My books are a comforting trip back in time when good manners were valued and expectations for behavior were cut like glass.  Most important to me though, were the stories' emphasis on home and family.  Nearly every novel has a loving mother who volunteers at church and school, sees that her children and husband eat a good breakfast, and still bakes brownies from scratch...or gingerbread, as one of my favorites tells.  Dad works at the office in the city and comes home tired and put-out but shakes it all down with the help of Mother and her pineapple upside-down cake.  The family dog and kid brother help too.  Oh, if only...

Still, as far removed as 2017 is from the Atomic Age (and all those bomb shelters that were never used), we have it pretty good now too.  Medical care is at nearly science fiction-level, we have the internet and cell phones, movies and books on-demand, and many other magnificent things.  I'm not completely idealizing the purity of the 1950's - I'm just saying that it's some kind of wonderful to escape to a simpler time every now and then when the biggest problem in life is whether the prom dress you made will be as pretty as the illustration on the pattern cover.

Come with me to the suburban 1950's.  Your reboot is ensured.

~

Some favorites:

Wait for Marcy by Rosamund du Jardin -  (Marcy is known as "Squirt", a nickname she detests.)

Sister of the Bride by Beverly Clearly - (Oh how you'll cry!)

Almost April by Zoa Sherburne - (A sudden tragedy which surprisingly aligns with the 21st century too.)

~

And, there is one elusive novel that I have never been able to locate after reading it once in the 8th grade.  It must have been dear to me as the story line has never left me.  A girl's mother is institutionalized and while she is gone from home a beneficent housekeeper takes her place.  But when Mother is well enough to return, our heroine is torn between the warm replacement and the mother she all but forgot.  Does this outline ring a bell with anyone?

Finally, do you have a tender 1950's teenage novel that has remained steadfast in your heart?

Friday, May 26, 2017

True North



“But afterwards, is there nothing more for me in life - no true home - nothing to be dearer to me than myself?” 



Thanks to a good friend, I found out this week that the North Star, Polaris, has not always been our North Star.  In fact, for a very, very long time, that distinction was held by another star that positioned itself high above the North Pole, called Thuban.  And because of the earth’s gyrations as it twirls around the sun, Thuban will once again be our North Star someday far in the future.  This new-to-me-information had my head twirling with thoughts of my own personal North Stars and how they too, have changed seats throughout my life.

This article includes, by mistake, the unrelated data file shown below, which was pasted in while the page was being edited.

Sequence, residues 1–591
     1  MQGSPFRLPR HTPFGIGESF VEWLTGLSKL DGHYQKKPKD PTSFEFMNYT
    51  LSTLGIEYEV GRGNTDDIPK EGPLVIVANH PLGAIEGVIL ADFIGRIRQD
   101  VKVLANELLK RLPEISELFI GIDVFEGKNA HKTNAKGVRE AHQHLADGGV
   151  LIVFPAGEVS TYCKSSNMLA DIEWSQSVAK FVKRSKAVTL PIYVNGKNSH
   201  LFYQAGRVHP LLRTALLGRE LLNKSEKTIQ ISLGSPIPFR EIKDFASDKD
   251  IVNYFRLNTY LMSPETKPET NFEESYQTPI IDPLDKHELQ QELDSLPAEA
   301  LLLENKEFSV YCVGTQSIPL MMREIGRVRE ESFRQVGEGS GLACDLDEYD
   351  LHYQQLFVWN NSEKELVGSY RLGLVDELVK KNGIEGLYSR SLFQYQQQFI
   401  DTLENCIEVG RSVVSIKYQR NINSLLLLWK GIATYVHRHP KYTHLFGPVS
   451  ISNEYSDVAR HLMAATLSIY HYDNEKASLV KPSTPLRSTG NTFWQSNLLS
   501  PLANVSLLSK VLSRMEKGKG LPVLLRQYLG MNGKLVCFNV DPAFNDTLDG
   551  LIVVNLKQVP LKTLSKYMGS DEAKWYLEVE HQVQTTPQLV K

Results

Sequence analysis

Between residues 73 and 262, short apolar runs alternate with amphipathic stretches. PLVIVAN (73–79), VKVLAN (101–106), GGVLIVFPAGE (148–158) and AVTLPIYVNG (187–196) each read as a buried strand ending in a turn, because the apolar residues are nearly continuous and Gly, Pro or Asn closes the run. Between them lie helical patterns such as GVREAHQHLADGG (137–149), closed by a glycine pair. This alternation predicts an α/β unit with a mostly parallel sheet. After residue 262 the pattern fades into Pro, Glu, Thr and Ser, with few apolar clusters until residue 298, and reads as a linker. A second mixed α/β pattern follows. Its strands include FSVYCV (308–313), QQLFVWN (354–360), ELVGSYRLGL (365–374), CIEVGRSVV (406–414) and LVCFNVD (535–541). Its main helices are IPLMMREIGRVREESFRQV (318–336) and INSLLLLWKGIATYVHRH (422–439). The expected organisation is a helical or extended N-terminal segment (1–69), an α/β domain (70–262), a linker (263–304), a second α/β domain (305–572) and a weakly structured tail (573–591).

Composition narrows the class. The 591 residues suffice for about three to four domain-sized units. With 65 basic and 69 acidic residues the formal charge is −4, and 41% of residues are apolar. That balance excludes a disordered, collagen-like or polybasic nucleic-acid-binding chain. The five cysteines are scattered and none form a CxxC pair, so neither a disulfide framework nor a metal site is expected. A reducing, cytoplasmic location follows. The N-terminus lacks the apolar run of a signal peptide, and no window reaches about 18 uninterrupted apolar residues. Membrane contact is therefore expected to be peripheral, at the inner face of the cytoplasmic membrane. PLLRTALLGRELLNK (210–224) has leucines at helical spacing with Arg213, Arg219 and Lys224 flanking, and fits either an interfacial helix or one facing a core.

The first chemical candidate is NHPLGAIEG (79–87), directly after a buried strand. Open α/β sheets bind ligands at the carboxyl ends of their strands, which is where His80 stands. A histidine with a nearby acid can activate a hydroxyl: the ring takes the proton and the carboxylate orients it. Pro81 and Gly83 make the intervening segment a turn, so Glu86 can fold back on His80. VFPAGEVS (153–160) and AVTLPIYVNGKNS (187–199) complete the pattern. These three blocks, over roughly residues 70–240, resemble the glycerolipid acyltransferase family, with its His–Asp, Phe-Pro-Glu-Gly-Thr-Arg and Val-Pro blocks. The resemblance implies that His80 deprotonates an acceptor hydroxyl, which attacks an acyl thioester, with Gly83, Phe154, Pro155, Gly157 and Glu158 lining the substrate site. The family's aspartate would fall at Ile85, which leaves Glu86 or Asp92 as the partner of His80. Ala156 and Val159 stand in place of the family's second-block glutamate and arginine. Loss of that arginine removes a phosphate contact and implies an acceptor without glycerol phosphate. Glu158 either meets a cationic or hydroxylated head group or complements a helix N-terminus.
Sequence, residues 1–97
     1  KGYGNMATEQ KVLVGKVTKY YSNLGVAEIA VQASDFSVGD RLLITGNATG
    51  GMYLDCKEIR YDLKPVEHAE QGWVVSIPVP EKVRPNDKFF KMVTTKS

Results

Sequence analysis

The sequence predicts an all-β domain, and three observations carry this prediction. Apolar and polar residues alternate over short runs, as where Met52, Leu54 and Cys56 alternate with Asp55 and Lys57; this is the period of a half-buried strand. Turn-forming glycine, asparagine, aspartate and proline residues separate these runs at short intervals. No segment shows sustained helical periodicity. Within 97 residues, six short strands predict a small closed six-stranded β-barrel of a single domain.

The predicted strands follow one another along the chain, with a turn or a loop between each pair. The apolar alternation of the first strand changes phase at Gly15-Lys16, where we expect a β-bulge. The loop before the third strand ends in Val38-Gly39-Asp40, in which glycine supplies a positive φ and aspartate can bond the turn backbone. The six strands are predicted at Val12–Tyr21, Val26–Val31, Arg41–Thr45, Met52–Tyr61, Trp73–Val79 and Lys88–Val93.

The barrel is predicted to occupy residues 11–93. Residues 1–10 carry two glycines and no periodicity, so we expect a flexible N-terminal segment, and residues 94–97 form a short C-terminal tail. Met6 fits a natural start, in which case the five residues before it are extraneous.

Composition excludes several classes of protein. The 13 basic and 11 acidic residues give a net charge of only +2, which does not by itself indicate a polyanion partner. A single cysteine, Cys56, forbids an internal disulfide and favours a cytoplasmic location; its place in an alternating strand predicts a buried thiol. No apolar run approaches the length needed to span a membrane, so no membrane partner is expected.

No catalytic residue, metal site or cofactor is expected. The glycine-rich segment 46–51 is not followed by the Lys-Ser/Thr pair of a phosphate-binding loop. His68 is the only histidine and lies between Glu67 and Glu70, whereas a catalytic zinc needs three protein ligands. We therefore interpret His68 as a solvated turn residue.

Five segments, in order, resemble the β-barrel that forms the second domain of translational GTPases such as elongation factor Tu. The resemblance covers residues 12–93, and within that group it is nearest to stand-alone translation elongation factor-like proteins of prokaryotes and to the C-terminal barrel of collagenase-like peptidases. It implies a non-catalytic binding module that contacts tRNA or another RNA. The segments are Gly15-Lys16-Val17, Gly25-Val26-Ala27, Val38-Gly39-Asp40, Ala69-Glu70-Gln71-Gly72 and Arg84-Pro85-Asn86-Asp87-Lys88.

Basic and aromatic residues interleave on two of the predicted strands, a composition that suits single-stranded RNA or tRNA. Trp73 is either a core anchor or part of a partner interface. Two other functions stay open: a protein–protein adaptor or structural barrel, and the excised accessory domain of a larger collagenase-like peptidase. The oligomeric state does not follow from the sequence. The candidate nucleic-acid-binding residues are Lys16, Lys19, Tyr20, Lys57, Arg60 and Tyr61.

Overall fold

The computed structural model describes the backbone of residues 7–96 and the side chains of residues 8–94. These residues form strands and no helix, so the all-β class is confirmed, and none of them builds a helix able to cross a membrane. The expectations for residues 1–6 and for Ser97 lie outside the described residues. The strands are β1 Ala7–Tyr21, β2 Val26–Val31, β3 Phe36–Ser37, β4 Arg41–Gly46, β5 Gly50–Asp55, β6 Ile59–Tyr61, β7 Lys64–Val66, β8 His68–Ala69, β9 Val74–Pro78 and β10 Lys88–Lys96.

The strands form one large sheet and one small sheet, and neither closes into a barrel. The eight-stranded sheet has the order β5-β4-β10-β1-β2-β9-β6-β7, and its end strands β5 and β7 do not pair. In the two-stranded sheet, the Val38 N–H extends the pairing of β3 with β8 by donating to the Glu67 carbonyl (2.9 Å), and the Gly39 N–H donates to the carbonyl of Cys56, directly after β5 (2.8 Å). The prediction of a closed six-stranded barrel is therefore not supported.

As children, I suppose our North Stars are our mothers – after all, they are our first loves and upon whom our very existence depends.   Thus, I recall how my infant daughter’s eyes followed me whenever I moved about in her room, even before she could sit up by herself or speak.  I was not only the person responsible for her very life; I was her North Star, the beacon she sought for guidance and safety in her brave new world.

I thought about other North Stars I’ve aligned myself with –those that helped me try out different roles when I was younger and those that gave me parameters for living as I experimented with new ways of being me.  Sometimes our North Star is our beliefs and concepts and sometimes our North Star represents just one person.  I think it is rare to have only one North Star for all of life because we change so often and adopt so many roles, especially as women.

For a while, my friends at school were the star I wished to follow. There were years, my guiding principles came from organizations I embraced such as the Girl Scouts or my church.  Other times, I found a mentor or a friend who had already traversed the road I was on and I looked to them to ground me and keep me on course. But lately, my North Star is harder to spot.  I wondered if it's because I have finally grown into the woman I was meant to be.  Mostly, I prefer to take my own counsel, set my own path…listen to my own heart...

That kind of trust comes only from years of living and experiencing.  It comes from an innate knowledge that “Yes, I have seen this before”.   And my reactions stay true to those core beliefs I didn’t know I was honing  -  through childhood when my mother and grandmothers guided me, through motherhood  when I looked to seasoned mothers to show me how, and now to beyond, when my skills for soothing and advising myself seem sharper than ever.  And happily, I find in myself the ability to be North Star to others.  Or at least that’s what I hope.

So the bottom line is that the pinnacle of growing older is that we may get to be, not only the cosmic light for others, but also the beam of sparkle that we once sought outside ourselves.  Looking back, I realize that my constellation has changed many times over.  Perhaps now...and at last...I am my own North Star.

Sunday, May 14, 2017

Beauty Parlor Night


In my twenties, when I was young and carefree, I rented a house with four other women.  We all worked, dated, and fret about the number of pizza slices we ate in front of the blinking black and white TV on Friday nights.  We were obsessed with clothes, the number on the scale, and finding Mr. Right.  Maybe not so carefree...

Our lone bathroom quickly became overflowing with lotions and potions, hair "painting" kits, pink shaving foams, and bottles of nail polish.  Although we each had our own personal needs, we gradually came to see how much fun it could be to unite and conquer our challenges collectively. Thus, Beauty Parlor Night was born.